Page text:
MS. TIFFANY MACISAACI do beer, I do sugar, I do all the good stuff.
NNAMDIGood to see you again. Also in studio with us is Eric Brannon. He is general manager of Ted's Bulletin on 14th Street Northwest. He was formally Executive Chef for the restaurant. Eric, thank you for joining us.
MR. ERIC BRANNONThank you, Kojo. Glad to be here.
NNAMDIAnd joining us from NPR's Bryant Park Studio is Michel Richard. He is a James Beard Award winning chef, and owner of Central Michel Richard in Washington, and chef and partner in Villard Michel Richard at The New York Palace. He's the author of several cookbooks, including "Sweet Magic: Easy Recipes For Delectable Desserts." Michel Richard, thank you for joining us.
MR. MICHEL RICHARDThank you very much. Bonjour, everybody.
RICHARDToo bad you're not here. The great thing about New York. I feel like I'm in (word?).
NNAMDIFor the time being.
RICHARDSo I'm lying. I'm lying. It's cold. It's very cold.
NNAMDIYes, and about to get snowing later here in Washington, D.C. If you'd like to join this conversation, give us a call at 800-433-8850. What do you think of the trend toward upscale casual restaurants? You can also send email to email@example.com. Todd, how would you describe what is going on in the restaurant scene in Washington today? This focus on upscale casual foods, a trend you've been noticing for some time.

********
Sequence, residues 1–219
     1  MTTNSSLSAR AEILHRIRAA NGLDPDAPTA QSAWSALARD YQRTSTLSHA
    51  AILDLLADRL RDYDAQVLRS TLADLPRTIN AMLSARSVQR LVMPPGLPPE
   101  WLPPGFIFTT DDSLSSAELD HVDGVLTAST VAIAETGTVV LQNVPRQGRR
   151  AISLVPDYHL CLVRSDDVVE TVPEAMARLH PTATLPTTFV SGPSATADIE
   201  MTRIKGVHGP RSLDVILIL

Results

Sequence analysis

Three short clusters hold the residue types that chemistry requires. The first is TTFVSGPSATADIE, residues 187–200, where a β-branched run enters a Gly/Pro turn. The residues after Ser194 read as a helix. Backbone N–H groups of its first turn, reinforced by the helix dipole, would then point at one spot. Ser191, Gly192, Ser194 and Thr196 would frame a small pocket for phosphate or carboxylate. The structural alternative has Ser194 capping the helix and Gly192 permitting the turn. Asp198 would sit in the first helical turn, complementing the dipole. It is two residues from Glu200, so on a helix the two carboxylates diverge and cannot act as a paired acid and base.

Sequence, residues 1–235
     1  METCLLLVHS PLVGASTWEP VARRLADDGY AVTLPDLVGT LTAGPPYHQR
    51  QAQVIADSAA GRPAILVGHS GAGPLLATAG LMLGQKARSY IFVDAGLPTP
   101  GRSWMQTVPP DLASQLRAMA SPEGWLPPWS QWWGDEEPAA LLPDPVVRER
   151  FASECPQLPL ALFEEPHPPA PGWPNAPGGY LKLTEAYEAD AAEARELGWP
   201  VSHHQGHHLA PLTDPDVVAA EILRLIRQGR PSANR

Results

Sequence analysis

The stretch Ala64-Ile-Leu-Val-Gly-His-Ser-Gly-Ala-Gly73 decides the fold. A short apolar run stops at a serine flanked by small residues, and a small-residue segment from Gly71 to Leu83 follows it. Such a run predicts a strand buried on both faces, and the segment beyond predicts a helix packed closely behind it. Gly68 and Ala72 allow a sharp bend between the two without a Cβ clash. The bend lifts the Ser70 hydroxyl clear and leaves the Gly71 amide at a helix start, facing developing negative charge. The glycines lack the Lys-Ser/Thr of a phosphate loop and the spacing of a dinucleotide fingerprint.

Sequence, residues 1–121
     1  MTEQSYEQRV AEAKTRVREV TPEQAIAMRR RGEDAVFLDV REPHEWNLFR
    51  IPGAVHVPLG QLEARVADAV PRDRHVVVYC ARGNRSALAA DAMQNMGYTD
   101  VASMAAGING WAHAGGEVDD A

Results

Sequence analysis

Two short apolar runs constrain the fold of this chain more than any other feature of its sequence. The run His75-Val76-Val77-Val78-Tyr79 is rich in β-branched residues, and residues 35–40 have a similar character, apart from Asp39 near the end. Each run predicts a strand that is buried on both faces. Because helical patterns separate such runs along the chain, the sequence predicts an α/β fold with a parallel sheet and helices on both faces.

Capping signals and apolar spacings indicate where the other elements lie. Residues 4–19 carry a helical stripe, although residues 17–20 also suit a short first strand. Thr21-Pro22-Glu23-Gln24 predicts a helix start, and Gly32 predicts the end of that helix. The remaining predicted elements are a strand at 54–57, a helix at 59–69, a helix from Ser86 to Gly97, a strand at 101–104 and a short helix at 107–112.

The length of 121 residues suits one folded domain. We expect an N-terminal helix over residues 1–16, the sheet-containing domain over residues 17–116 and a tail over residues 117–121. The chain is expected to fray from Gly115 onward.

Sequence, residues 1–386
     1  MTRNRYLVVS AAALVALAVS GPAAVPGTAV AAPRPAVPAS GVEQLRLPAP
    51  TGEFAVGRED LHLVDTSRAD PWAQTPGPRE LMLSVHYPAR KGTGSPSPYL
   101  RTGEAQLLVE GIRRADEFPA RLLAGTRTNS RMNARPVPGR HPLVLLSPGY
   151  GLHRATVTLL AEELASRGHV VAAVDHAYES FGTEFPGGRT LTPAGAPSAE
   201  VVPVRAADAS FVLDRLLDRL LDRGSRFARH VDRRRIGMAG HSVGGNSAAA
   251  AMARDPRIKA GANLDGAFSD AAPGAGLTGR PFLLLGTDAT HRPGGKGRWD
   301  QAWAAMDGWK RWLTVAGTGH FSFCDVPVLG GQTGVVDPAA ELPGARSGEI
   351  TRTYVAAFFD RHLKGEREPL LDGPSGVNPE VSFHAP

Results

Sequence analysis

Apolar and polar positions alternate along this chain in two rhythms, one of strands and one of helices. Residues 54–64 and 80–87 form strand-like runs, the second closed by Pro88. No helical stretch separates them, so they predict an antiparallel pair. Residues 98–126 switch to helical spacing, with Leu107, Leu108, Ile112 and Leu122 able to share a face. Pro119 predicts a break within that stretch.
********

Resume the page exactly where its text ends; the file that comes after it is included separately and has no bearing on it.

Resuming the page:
KLIMANYeah. Restaurants are trying to find ways to send you out smiling and create memories when you're in. And this is economic, in part. And it's also cultural. I mean, American culture is popular culture, and American popular culture is junk culture. And, you know, we all love the candy and the treats and the Hostess cupcakes that Tiffany makes. You talk to Frenchman, you talk to Michel Richard. The dishes that speak to him, on some level, are gonna be ratatouille and escargot.
KLIMANYou go to any other culture that's a food culture, a really rich food culture. There are going to be dishes that go back generations upon generations upon generations. Here, the way we go back and we touch on peoples' memories, the common language we all have is junk food. We have burgers, we have fries, we have McNuggets, we have Pop Tarts, and that's our common culinary language, like it or not. And it's a fun thing to see. It's a funny thing, also, to see a chef who's got loads of training, served several apprenticeships, you know, making French fries and shaving truffles over them.
NNAMDIMichel, you're a veteran of the restaurant world. You first opened one of your high end Citronelle restaurants in Georgetown back in 1994, but you're current D.C. restaurant, Central, which won the James Beard Award for Best New Restaurant in 2008, that's in line with the more casual fare we're talking about today. Tell us a little bit about the idea behind Central.